Disability Types

What is a Disability?

A disability is a condition or function judged to be significantly impaired relative to the usual standard of an individual or group. The term is used to refer to individual functioning, including physical impairment, sensory impairment, cognitive impairment, intellectual impairment mental illness, and various types of chronic disease.

Autism

a developmental disability significantly affecting verbal and nonverbal communication and social interaction, generally evident before age three, that adversely affects a child’s educational performance. Other characteristics often associated with autism are engaging in repetitive activities and stereotyped movements, resistance to environmental change or change in daily routines, and unusual responses to sensory experiences. 

Deafness

A hearing impairment so severe that a child is impaired in processing linguistic information through hearing, with or without amplification, that adversely affects a child’s educational performance.

Developmental Delay

For children from birth to age three and children from ages three through nine- the term developmental delay, means a delay in one or more of the following areas: physical development; cognitive development; communication; social or emotional development; or adaptive [behavioral] development.

Emotional Disturbance

As defined under federal law at 34 CFR §300.7, the student exhibits one or more of the following characteristics over a long period of time and to a marked degree that adversely affects educational performance: an inability to learn that cannot be explained by intellectual, sensory, or health factors; an inability to build or maintain satisfactory interpersonal relationships with peers and teachers; inappropriate types of behavior or feelings under normal circumstances; a general pervasive mood of unhappiness or depression; or a tendency to develop physical symptoms or fears associated with personal or school problems. The determination of disability shall not be made solely because the student's behavior violates the school's discipline code, because the student is involved with a state court or social service agency, or because the student is socially maladjusted, unless the Team determines that the student has a serious emotional disturbance.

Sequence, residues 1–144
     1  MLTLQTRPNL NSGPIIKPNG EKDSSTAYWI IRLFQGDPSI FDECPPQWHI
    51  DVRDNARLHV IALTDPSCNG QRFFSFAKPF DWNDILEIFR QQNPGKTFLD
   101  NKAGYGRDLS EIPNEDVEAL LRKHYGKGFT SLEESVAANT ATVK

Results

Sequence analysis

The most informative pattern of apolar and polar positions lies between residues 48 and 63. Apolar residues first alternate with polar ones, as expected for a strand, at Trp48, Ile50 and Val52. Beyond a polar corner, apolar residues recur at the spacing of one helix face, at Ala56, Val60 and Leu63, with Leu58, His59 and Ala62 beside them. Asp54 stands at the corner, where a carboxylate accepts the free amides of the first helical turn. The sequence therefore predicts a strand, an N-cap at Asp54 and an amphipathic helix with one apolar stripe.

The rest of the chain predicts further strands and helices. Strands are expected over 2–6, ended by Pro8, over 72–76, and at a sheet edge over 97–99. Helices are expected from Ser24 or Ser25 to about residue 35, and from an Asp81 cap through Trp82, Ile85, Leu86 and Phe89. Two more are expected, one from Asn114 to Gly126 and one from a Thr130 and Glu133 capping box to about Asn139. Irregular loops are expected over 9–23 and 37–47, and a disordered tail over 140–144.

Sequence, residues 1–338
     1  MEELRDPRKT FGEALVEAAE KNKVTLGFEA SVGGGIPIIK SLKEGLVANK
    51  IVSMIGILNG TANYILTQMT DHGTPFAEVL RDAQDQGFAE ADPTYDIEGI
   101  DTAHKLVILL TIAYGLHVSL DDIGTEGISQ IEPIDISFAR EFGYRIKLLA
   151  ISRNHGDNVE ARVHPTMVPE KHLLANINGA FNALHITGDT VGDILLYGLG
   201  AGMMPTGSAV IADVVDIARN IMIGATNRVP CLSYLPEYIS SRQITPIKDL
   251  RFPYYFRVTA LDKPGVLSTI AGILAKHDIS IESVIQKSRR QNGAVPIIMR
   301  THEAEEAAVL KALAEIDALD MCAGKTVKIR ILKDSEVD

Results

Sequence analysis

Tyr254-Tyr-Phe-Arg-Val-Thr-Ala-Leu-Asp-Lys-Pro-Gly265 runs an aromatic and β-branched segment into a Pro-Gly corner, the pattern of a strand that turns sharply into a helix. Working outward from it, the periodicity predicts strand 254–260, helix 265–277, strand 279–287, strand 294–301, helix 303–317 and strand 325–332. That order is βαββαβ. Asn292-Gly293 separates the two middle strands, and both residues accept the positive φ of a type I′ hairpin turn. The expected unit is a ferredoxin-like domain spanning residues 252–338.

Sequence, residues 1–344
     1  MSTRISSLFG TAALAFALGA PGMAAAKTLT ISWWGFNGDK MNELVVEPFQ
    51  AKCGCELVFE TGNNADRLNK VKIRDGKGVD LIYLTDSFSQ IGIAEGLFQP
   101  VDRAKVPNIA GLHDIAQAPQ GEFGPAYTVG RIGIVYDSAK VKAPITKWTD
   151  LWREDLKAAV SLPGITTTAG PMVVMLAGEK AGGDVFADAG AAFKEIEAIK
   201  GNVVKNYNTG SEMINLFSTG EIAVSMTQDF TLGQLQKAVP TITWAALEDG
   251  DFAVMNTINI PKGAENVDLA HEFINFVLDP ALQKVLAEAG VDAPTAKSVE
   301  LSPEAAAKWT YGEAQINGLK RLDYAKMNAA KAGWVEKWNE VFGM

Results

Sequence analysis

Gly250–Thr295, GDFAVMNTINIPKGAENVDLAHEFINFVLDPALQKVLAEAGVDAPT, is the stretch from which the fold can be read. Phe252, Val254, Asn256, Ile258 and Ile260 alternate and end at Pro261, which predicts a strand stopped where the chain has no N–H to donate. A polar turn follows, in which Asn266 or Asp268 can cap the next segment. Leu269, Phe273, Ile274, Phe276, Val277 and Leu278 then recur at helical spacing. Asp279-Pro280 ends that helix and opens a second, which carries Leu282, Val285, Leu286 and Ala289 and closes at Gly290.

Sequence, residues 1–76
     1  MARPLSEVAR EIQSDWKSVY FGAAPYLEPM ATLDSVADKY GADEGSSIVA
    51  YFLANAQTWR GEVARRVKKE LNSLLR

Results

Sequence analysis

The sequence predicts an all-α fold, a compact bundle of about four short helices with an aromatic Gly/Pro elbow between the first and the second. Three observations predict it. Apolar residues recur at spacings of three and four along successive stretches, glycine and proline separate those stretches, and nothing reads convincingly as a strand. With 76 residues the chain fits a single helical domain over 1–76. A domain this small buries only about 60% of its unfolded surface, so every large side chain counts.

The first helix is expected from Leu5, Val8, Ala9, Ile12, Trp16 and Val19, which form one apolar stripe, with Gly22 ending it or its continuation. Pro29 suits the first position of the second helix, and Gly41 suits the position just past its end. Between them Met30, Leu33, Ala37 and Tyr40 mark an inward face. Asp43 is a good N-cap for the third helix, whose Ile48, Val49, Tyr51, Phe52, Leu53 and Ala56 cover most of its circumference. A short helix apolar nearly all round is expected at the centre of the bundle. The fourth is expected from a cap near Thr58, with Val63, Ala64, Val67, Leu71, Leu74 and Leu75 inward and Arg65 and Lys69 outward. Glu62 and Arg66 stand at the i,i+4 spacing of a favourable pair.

Hearing Impairment

An impairment in hearing, whether permanent or fluctuating, that adversely affects a child’s educational performance but is not included under the definition of “deafness.”

 

Intellectual Disability

Significantly subaverage general intellectual functioning, existing concurrently [at the same time] with deficits in adaptive behavior and manifested during the developmental period, that adversely affects a child’s educational performance.

(Editor’s Note, February 2011: “Intellectual Disability” is a new term in IDEA. Until October 2010, the law used the term “mental retardation.” In October 2010, Rosa’s Law was signed into law by President Obama. Rosa’s Law changed the term to be used in future to “intellectual disability.” The definition of the term itself did not change and is what has just been shown above.